I have just come home from a 15 day trip cross-country with my father. This is notable because I was a kid in the back seat the last time it happened, about 4 decades ago. Or 5. It is also notable because I was leaving a sweet husband and 2 teenage boys behind, our 2 exchange students. My husband was very encouraging about me going, but I was afraid to leave him behind with the boys and their needs (homework getting done, waking up in time for school, decent dinners). Mostly it is notable because I haven’t always found it easy to converse with my father—okay, let’s say I didn’t even try for a long time—and I was a little worried about how it would go this time, long days in the car with nothing to do but talk.
I will close this anxious paragraph right now with the good news that it was wonderful! We had such a great time seeing and sharing our impressions of things, laughing at each other’s little jokes and just being LIKE ADULT FRIENDS! I don’t think I have ever experienced the joy of that before with my Dad. It was wonderful. (And I know he was so happy to have my companionship: he said it several times. He has been so alone since Mom went to the foster home and even that didn’t really prepare him for her absence in death).
This trip was a pilgrimage of sorts for Dad. The end goal was to attend his 65th college reunion but I think the real intention was to revisit the places he had shared with my Mom. They met at the college, and she taught nearby while he was in the Navy in WWII, so we visited their off-campus houses and the sidewalk into town where they first met…lots of memories came up. I think in his heart he was knowing it would likely be his last time to visit. It was not maudlin, though. There was enough activity and scheduling to keep it moving.
We left May 1st. We planned to leave at 8:30 AM, and I said I’d be ready by 8, but guess who knocked on my door at 7:30? A sheepishly smiling Dad who was too excited to sleep. I was still stuffing battery chargers and car snacks and books on tape into bags.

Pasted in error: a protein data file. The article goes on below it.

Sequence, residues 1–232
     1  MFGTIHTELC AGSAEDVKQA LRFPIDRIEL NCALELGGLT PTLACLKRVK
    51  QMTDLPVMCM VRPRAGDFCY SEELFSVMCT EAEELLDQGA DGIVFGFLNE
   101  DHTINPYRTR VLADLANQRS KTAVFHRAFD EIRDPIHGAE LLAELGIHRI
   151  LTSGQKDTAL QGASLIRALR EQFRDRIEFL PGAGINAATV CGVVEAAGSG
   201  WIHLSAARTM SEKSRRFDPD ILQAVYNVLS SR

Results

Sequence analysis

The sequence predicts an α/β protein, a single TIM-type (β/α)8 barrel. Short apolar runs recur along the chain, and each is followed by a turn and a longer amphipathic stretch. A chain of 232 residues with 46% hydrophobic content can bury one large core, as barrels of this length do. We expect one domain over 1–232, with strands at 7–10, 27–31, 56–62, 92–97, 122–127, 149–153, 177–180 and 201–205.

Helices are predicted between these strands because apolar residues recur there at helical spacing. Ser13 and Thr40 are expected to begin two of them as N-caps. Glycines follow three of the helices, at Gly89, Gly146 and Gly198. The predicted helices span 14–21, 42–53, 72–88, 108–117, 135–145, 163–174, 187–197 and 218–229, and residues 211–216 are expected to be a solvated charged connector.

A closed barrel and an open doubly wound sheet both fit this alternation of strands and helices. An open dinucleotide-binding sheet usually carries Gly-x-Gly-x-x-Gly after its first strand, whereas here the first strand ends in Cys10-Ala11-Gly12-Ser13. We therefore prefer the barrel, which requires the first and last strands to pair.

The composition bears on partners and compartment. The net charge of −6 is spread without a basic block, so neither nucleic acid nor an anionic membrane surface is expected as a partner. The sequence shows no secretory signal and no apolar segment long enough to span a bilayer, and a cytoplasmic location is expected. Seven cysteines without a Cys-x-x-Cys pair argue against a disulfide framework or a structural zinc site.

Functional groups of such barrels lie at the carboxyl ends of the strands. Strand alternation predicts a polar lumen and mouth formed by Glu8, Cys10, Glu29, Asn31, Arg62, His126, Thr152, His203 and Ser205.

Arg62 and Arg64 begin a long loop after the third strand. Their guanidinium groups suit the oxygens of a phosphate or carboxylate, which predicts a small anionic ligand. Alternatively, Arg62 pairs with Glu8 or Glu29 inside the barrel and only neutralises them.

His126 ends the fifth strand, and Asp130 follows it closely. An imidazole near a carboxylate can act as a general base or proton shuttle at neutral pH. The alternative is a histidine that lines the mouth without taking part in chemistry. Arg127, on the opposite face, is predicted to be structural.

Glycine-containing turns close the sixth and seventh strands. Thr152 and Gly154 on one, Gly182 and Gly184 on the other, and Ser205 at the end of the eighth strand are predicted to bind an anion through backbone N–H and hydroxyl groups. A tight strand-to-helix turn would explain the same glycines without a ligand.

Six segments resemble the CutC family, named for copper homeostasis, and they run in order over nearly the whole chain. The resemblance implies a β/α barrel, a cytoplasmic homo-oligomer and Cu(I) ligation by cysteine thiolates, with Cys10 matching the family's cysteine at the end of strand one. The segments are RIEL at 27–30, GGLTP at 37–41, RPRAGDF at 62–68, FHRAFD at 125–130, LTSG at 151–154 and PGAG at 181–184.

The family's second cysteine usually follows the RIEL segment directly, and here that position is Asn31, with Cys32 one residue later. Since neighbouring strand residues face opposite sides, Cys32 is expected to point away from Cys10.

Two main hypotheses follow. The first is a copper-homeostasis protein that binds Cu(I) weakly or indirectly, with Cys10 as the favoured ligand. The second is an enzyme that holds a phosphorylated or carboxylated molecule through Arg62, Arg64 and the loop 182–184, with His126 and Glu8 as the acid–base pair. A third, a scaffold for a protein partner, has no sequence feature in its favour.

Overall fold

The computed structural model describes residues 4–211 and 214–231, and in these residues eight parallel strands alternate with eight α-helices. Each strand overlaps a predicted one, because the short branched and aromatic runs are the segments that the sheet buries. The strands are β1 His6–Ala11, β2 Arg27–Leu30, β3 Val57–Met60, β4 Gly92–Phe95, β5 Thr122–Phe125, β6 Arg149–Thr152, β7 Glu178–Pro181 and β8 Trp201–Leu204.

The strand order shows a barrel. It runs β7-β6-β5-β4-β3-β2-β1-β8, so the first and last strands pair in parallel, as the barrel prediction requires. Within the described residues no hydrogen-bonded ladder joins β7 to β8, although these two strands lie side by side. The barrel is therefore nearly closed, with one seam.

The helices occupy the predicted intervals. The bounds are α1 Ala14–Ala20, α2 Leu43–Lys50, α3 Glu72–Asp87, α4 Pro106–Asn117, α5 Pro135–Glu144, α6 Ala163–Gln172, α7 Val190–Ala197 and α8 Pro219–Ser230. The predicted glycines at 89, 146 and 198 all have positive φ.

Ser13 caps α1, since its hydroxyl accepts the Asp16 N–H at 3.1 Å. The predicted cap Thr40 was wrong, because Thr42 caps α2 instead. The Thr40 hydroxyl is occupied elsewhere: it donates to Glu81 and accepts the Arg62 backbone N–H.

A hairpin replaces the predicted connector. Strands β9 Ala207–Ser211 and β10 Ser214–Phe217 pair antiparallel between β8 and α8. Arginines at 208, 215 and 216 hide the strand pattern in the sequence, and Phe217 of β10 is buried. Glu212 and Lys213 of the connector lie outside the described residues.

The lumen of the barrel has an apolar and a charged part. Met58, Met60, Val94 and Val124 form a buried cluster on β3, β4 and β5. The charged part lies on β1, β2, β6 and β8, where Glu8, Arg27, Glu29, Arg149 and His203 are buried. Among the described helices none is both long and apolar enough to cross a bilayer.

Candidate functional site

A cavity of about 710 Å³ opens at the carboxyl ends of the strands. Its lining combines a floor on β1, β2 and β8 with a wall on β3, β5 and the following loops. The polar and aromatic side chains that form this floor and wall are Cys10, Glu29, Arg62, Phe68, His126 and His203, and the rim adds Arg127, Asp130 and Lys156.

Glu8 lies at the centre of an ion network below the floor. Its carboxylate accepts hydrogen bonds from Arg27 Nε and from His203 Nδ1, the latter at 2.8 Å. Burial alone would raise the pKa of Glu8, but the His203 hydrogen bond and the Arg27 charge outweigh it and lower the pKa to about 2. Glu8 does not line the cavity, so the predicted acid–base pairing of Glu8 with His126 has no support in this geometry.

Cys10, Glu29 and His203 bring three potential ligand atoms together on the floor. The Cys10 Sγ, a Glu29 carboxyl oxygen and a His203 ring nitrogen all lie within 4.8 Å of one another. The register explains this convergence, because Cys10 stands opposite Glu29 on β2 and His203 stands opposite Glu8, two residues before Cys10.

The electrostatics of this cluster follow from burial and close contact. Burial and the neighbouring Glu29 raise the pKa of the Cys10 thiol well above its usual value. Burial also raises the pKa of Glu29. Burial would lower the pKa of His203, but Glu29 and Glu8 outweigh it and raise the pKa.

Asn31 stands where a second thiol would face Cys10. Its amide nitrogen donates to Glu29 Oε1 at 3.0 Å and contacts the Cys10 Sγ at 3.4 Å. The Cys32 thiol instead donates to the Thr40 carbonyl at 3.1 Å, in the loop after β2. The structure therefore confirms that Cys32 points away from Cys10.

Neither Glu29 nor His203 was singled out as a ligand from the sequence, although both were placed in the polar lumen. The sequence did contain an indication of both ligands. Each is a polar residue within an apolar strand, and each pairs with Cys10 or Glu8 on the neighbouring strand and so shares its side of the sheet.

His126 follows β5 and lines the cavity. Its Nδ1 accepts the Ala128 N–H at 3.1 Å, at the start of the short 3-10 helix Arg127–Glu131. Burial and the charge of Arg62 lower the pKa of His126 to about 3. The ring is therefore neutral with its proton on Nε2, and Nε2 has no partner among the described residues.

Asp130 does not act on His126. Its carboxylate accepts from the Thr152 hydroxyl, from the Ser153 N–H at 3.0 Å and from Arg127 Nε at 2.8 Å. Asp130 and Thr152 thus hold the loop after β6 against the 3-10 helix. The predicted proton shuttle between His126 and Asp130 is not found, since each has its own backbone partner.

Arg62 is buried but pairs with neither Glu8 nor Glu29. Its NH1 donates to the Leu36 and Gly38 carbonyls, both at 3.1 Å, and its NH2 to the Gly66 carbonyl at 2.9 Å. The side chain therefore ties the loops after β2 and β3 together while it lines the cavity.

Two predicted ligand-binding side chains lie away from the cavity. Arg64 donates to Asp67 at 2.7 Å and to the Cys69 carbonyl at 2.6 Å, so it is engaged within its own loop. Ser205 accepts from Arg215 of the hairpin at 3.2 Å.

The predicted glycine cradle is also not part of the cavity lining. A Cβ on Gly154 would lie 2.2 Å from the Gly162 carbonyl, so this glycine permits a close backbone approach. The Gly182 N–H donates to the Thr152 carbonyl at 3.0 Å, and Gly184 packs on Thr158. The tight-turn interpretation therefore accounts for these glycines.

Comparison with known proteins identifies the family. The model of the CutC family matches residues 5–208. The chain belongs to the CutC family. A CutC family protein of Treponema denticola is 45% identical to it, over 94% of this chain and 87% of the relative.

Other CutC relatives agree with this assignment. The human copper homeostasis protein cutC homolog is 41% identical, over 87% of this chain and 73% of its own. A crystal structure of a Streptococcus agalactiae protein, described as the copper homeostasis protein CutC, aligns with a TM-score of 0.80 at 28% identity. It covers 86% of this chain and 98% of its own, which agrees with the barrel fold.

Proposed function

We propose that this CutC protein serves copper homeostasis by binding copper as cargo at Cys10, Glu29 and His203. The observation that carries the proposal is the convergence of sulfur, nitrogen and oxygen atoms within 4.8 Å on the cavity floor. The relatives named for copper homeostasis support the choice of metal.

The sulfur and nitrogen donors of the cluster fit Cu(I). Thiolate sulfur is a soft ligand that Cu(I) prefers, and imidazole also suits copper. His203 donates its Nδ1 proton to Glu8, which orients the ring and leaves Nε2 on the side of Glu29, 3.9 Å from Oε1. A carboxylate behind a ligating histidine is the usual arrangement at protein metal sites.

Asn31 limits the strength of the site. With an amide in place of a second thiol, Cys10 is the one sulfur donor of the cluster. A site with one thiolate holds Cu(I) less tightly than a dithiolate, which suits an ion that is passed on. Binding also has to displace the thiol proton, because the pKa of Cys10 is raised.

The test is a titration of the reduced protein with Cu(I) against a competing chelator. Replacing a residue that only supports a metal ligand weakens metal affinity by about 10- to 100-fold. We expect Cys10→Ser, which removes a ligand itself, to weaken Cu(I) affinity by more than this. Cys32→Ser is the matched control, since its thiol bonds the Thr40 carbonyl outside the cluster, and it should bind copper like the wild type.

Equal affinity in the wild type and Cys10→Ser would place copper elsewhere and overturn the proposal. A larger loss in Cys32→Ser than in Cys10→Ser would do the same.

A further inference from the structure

His plan was to go east by the route he and Mom had most favored in all their cross-country trips: the Lolo Pass, route 12 along the Clearwater River from Lewiston, Idaho to Missoula.
The Columbia River Gorge is so beautiful that it is a shame not to have pictures of it, but I will on the return trip. I started out slow on the picture taking and got crazier and crazier as the trip wore on, snapping photos out the car windows as we were going down the highway just so I would remember certain colors or ideas. Dad is such a perfectionist photographer that I know my approach disturbed him, and he generously offered to stop the car when he saw my “trigger finger” over the camera shutter button, and he did try to slow down, but often the moment was past by then (literally, a quarter mile past) and so I just took willy-nilly pictures. They are from what my husband and I call the “impressionist photography school”.
So on the first day I was still trying not to annoy by asking for frequent stops, and consequently I don’t have many excellent pictures. But the drive was exceptionally beautiful and we felt vindicated and rewarded for taking a chance on snowy conditions in order to use this route. (We had been checking the weather on Routes I-80 and I-90 also.)
Here they are, Day 1:
Starting to see the (impressionistic) snow at ground level ^
We pulled into Missoula just at dusk and got our motel and had a late supper at Cracker Barrel just before they closed. (I had hoped for a Cracker Barrel stop on the trip since we don’t have any in Oregon, but I didn’t expect it to come so soon! Too tired and hungry to take the shopping seriously, though, and as it turns out it was our only Cracker Barrel of the whole trip!)
Days’ End: about 12 hours and 600 miles of beauty